“In the beginning was the Word…In Him was life and that life was the light of all humankind. The light shines in the darkness, and the darkness has not overcome it.” (John 1:1&3-5)
Christmas lights, Advent candles, Christingles; this time of year is full of churches singing and talking about light. “Light shines in the darkness, and the darkness has not overcome it”. Perpetrators of domestic abuse seek to keep those of us around the individual being abused in the dark. Abuse can only occur in the dark, in the secret. But is that really true?
Some members of our Survivors' Network might think differently. You see, some women have disclosed the abuse they faced to their church, bringing it into the light, only to be disbelieved or even discredited. On average, it will take 35 incidents of abuse before a victim/survivor tells someone what about what's happening. It’s not an easy decision, and yet within the faith community, we still often choose not to see the truth. We choose to keep domestic abuse in the dark.
One member of the Survivor’s Network describes finding Restored as like finding light at the end of a very dark tunnel. How can you and your gathered community of believers choose to be that light for someone else who might be trapped in darkness?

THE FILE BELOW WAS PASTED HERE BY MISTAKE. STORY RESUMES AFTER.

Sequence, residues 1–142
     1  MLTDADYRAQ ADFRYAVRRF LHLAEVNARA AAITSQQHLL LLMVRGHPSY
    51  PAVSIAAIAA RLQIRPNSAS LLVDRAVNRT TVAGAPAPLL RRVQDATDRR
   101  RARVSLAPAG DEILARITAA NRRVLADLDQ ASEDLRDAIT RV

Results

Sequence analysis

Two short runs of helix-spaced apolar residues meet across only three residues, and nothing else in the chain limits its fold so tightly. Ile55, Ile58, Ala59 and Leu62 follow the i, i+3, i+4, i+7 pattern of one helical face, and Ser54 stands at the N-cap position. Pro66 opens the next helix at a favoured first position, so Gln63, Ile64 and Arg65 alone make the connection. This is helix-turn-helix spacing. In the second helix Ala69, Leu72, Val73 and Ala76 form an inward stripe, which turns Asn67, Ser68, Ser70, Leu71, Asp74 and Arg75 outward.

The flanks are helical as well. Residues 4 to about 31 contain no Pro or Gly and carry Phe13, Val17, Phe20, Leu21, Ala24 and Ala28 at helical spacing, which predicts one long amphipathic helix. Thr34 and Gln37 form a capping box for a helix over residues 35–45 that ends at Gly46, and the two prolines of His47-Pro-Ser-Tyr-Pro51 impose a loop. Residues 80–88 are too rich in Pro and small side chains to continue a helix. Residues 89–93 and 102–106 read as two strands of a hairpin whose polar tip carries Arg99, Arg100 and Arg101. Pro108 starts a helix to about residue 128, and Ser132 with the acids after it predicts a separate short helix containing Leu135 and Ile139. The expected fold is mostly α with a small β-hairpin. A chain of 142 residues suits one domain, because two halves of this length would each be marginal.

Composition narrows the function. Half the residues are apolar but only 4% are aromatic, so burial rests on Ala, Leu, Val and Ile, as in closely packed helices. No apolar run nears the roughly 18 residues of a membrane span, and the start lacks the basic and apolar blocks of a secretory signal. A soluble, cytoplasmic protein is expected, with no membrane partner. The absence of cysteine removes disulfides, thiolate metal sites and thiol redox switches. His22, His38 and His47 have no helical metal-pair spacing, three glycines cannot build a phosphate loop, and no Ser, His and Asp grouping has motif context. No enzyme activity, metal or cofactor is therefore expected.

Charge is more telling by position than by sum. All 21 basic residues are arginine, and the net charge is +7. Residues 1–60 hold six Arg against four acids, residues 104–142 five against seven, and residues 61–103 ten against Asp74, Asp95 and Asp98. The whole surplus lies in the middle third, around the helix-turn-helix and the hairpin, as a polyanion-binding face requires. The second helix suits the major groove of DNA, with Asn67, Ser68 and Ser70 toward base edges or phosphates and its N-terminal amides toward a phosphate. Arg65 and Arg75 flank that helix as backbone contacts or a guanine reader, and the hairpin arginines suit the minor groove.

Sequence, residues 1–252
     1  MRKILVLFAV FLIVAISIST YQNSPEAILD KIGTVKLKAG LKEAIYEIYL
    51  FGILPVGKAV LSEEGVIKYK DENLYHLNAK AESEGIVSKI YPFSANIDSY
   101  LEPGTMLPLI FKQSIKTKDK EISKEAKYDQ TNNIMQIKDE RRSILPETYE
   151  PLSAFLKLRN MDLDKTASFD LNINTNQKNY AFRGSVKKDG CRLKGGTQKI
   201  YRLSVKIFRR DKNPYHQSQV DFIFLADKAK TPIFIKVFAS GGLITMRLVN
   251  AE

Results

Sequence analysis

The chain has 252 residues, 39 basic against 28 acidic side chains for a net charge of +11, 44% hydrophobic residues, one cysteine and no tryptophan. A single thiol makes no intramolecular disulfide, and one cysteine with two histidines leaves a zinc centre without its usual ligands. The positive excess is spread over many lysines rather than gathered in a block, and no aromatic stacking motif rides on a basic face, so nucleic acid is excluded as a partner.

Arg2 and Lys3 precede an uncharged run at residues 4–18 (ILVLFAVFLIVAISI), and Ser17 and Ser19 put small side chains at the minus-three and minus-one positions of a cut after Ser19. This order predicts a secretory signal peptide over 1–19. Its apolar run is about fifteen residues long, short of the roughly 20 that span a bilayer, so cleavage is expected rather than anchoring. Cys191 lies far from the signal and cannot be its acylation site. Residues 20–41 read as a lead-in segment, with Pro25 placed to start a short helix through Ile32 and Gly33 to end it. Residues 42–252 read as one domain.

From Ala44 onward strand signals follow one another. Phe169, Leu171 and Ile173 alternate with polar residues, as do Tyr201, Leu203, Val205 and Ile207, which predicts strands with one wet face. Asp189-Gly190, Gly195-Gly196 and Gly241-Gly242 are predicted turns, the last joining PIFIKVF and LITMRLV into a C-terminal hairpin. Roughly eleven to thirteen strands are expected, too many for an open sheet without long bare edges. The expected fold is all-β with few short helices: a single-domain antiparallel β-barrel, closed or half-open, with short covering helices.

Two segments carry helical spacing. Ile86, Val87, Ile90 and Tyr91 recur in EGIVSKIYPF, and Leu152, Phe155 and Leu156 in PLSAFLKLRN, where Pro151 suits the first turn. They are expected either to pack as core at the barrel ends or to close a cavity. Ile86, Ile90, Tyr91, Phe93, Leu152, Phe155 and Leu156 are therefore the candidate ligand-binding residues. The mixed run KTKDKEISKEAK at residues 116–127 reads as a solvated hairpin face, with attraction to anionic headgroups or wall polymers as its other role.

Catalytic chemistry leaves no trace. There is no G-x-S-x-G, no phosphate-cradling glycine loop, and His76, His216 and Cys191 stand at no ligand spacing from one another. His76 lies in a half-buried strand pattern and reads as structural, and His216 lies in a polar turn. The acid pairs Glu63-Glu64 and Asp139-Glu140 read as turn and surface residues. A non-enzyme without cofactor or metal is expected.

Just imagine Joseph receiving the news from Mary about her pregnancy. He could so easily not have believed her, discrediting her by divorce. But he chose to support her in her call from God and stay by her side. The light of God was born through Mary, enabled by Joseph's willingness to believe her story.
So, how could you choose to recognise the light this Advent season? How could you shine into someone's darkness? One member of the Survivor’s Network describes finding Restored as like finding light at the end of a very dark tunnel. How can you and your gathered community of believers choose to be that light for someone else who might be trapped in darkness?
You might like to put the toilet door poster up in your church building, or perhaps you’d like to provide some Christmas treats for your local domestic abuse provider. You could add a message in to one of you Advent services, indicating that you’re a church who won’t disbelieve or discredit disclosures of abuse. You might even like to start the journey to becoming a Restored Beacon, bringing light into the darkness alongside a network of other churches.
This Christmas, light a beacon of hope for survivors
You can ensure more churches are equipped to respond to domestic abuse and support survivors, bringing light into the darkness.Light a beacon of hope